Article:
4 A-levels - in traditional subjects would do most of them far more good in the long term. A shame, therefore, that the majority of schools in the area will not have prepared them for theat. Still, coffee baristas and hairdressers are always needed. Voice-of-reality
  • Score: 0

12:06am Tue 15 Jan 13

Voice-of-reality says...

My apologies for the typographical error.
My apologies for the typographical error. Voice-of-reality
  • Score: 0

3:41pm Tue 15 Jan 13

jenias says...

first lesson should be dont bend down near walsh.
first lesson should be dont bend down near walsh. jenias
  • Score: 0

6:48pm Tue 15 Jan 13

cromwell1599 says...

Typical of today's instant gratification society, filling no hopers empty heads with the promise of celebrity for celebrity's sake. Can they not teach them something that would actually be useful rather than fuelling pipedreams.
Typical of today's instant gratification society, filling no hopers empty heads with the promise of celebrity for celebrity's sake. Can they not teach them something that would actually be useful rather than fuelling pipedreams. cromwell1599
  • Score: 0

11:01pm Tue 15 Jan 13

Erasmus-0 says...

Another mickey-mouse course for people with no real prospects in life? Oh joy.
Another mickey-mouse course for people with no real prospects in life? Oh joy. Erasmus-0
  • Score: 0

12:02pm Wed 16 Jan 13

shirt of blue says...

Not sure why Voice of Reality thinks 4 A levels is the answer to the world's problems.Not sure what A Level Geography teaches you about the world of work. What employers need are people who have a range of transferable skills - problem solving, working with others, time management, customer service to name but a few. If this course develops that and then leads to employment in bars, clubs, holiday centres, hotels or theatre then the college has done a good job. If not and it is a course that engages young peopleand gets them back into education then that can only be a positive. You need to look beyond the Daily Mail negativity on this one.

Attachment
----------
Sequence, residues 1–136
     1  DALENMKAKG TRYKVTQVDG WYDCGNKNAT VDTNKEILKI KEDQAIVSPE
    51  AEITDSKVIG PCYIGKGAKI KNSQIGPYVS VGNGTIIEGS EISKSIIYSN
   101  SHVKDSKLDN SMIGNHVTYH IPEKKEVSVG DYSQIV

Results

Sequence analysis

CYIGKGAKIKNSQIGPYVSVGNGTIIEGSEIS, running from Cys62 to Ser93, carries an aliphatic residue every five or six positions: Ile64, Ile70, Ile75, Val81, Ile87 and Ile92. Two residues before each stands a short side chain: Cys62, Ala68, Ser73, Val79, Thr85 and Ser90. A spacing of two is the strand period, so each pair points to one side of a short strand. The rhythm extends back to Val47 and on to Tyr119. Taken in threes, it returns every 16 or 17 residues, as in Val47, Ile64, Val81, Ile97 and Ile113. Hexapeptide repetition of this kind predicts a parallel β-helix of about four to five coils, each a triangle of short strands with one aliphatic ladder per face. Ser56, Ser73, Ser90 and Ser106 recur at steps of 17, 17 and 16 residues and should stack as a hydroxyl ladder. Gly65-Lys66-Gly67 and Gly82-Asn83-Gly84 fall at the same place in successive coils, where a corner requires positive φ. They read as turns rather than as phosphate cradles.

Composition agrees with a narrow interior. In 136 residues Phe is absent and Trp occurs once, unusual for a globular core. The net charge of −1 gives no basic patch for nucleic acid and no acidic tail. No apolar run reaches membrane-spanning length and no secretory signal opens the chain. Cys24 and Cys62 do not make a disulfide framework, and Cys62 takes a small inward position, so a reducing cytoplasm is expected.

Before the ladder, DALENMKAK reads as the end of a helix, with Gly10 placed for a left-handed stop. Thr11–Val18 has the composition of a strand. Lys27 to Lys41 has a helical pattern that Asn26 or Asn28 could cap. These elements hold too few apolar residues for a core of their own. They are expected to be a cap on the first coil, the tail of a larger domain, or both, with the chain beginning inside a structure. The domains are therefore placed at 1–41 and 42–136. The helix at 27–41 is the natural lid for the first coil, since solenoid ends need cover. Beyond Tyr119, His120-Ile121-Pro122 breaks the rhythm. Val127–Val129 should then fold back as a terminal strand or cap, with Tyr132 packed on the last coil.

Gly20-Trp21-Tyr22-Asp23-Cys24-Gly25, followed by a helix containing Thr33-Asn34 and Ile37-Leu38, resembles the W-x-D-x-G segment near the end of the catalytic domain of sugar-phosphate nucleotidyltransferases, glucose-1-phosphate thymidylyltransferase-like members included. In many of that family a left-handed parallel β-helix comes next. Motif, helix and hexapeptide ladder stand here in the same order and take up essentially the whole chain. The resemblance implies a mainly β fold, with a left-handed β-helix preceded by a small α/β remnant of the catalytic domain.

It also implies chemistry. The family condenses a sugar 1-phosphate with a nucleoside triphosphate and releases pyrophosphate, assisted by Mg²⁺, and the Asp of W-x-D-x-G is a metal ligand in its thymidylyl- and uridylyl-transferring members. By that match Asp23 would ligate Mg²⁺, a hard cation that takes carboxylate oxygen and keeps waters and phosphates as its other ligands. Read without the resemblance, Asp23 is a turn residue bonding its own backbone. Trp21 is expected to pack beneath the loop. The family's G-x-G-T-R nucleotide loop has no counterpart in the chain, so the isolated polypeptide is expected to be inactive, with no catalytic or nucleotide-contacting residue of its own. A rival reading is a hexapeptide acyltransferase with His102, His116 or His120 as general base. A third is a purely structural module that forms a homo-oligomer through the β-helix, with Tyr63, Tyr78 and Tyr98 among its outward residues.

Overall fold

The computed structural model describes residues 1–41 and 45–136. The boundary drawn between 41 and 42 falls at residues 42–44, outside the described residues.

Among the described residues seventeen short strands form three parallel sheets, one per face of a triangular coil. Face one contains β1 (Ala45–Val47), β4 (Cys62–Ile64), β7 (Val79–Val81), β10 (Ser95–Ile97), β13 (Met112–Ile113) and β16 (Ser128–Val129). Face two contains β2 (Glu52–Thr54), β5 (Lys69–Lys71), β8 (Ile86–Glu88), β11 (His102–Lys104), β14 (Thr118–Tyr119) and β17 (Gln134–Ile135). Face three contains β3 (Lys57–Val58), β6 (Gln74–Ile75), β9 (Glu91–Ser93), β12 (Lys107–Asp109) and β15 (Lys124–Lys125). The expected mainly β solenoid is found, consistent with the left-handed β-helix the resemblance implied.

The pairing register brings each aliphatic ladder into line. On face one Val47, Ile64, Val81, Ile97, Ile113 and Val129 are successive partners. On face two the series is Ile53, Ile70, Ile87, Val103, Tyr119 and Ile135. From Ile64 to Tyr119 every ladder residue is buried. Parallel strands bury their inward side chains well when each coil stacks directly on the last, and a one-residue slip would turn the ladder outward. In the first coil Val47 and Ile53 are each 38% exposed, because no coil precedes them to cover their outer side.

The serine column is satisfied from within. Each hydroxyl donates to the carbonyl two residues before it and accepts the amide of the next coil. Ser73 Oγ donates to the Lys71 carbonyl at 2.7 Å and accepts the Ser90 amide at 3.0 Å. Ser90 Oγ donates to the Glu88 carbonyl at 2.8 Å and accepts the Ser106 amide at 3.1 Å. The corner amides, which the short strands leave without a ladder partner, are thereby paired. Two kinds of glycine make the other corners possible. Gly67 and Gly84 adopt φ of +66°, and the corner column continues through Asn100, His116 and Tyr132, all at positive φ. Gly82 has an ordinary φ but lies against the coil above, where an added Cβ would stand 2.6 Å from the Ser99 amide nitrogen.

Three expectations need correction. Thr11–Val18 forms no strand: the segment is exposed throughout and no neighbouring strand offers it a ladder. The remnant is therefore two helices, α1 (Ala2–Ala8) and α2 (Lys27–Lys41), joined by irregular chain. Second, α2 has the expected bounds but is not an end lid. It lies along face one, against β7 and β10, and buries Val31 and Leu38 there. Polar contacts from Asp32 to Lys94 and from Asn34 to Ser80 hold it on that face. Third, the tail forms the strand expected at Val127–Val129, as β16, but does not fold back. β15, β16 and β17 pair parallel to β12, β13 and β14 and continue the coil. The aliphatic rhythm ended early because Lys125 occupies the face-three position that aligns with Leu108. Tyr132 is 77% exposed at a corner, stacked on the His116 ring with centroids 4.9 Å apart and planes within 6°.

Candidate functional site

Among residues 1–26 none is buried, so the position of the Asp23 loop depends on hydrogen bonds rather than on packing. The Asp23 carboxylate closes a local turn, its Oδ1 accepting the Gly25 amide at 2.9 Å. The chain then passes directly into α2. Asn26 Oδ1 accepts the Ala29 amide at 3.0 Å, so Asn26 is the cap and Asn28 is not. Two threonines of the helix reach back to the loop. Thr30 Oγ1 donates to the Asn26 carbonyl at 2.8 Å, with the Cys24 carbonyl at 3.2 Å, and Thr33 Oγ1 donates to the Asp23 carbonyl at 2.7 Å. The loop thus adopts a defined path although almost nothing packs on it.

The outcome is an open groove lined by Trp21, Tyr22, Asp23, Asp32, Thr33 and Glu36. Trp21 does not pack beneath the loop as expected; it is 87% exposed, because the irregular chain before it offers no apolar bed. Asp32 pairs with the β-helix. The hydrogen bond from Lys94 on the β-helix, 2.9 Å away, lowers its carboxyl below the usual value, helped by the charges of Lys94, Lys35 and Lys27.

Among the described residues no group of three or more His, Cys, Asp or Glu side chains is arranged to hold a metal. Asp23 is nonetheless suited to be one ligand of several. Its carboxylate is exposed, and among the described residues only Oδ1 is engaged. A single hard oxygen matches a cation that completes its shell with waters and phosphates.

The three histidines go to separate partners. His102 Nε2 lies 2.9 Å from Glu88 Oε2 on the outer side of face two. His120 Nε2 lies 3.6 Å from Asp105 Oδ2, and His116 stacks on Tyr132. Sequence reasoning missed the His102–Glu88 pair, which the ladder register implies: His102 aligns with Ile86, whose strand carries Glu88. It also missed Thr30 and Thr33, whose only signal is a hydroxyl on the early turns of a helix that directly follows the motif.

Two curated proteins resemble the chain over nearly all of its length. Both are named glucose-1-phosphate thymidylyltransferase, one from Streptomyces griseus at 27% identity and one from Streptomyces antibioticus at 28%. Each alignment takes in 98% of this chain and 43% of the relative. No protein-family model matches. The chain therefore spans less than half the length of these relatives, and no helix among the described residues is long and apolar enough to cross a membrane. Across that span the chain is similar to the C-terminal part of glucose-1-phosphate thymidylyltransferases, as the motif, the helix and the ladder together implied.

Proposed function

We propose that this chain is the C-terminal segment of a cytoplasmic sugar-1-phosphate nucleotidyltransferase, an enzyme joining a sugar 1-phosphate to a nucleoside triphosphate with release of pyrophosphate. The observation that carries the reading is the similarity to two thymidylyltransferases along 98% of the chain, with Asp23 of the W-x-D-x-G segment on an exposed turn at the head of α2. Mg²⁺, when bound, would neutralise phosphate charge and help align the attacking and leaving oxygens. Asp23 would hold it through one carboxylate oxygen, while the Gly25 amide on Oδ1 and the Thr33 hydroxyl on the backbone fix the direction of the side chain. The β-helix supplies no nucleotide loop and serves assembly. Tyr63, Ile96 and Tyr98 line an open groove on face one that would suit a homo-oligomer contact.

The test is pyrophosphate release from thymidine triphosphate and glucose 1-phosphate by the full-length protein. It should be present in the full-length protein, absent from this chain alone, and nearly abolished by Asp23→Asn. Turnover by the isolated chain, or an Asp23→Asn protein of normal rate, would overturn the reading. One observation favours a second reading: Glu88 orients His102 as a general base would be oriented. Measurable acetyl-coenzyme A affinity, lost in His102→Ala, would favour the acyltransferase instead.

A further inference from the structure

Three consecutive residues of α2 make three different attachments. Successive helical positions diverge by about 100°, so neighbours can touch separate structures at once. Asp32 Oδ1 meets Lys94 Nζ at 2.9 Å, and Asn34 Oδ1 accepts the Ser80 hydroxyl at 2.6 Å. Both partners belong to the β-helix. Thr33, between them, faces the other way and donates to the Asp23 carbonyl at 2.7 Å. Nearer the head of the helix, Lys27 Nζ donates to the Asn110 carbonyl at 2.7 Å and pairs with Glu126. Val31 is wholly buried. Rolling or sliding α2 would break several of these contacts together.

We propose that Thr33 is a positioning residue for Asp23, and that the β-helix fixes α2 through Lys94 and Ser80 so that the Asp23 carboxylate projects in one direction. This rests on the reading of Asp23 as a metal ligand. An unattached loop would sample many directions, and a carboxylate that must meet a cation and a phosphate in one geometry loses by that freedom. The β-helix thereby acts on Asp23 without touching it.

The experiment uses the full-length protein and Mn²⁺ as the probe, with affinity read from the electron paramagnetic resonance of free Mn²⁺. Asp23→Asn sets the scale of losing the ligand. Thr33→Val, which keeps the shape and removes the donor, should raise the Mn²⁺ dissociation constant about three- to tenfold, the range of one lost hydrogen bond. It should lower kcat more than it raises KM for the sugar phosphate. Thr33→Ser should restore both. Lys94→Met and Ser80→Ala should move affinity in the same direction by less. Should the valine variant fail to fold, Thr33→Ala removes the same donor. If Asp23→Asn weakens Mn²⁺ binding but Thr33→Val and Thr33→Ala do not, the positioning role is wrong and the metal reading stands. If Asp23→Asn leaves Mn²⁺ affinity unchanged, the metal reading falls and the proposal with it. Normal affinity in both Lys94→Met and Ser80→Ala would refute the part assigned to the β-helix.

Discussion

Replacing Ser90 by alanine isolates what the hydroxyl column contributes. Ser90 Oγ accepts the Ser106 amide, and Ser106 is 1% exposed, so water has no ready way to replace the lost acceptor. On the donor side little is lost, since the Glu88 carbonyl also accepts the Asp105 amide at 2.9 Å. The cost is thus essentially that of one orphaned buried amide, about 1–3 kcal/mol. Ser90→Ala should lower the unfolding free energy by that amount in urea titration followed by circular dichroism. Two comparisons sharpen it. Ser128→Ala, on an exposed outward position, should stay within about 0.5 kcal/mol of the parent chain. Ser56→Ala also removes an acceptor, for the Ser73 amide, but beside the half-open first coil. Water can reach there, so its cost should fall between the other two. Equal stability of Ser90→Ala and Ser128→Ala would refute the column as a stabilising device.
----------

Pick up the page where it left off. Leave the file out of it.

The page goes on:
Not sure why Voice of Reality thinks 4 A levels is the answer to the world's problems.Not sure what A Level Geography teaches you about the world of work. What employers need are people who have a range of transferable skills - problem solving, working with others, time management, customer service to name but a few. If this course develops that and then leads to employment in bars, clubs, holiday centres, hotels or theatre then the college has done a good job. If not and it is a course that engages young peopleand gets them back into education then that can only be a positive. You need to look beyond the Daily Mail negativity on this one. shirt of blue
  • Score: 0

2:37pm Wed 16 Jan 13

Voice-of-reality says...

I suggested traditional subjects - not one based upon advanced colouring. Further, the course offered is not 'getting people back into education' - rather it glorifies a lifestyle far removed from anything to do with education and suggests that skills are not needed - but that fortune based on luck is a sensible career path to follow. As for employment in bars etc - all very well and good but usually part-time, service-industry based, not actually manufacturing anything and poorly paid. I would agree with the skills set that you mention - all of which are addressed in traditional courses.